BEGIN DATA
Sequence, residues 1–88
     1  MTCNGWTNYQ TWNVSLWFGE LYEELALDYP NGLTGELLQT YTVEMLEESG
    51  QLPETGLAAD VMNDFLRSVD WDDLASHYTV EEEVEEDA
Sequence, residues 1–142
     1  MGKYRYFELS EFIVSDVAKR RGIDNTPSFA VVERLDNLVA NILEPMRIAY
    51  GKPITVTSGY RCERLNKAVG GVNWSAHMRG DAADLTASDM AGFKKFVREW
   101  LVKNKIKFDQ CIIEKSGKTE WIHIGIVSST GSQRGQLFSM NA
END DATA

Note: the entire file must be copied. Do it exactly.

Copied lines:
Sequence, residues 1–88
     1  MTCNGWTNYQ TWNVSLWFGE LYEELALDYP NGLTGELLQT YTVEMLEESG
    51  QLPETGLAAD VMNDFLRSVD WDDLASHYTV EEEVEEDA
Sequence, residues 1–142
     1  MGKYRYFELS EFIVSDVAKR RGIDNTPSFA VVERLDNLVA NILEPMRIAY
    51  GKPITVTSGY RCERLNKAVG GVNWSAHMRG DAADLTASDM AGFKKFVREW
   101  LVKNKIKFDQ CIIEKSGKTE WIHIGIVSST GSQRGQLFSM NA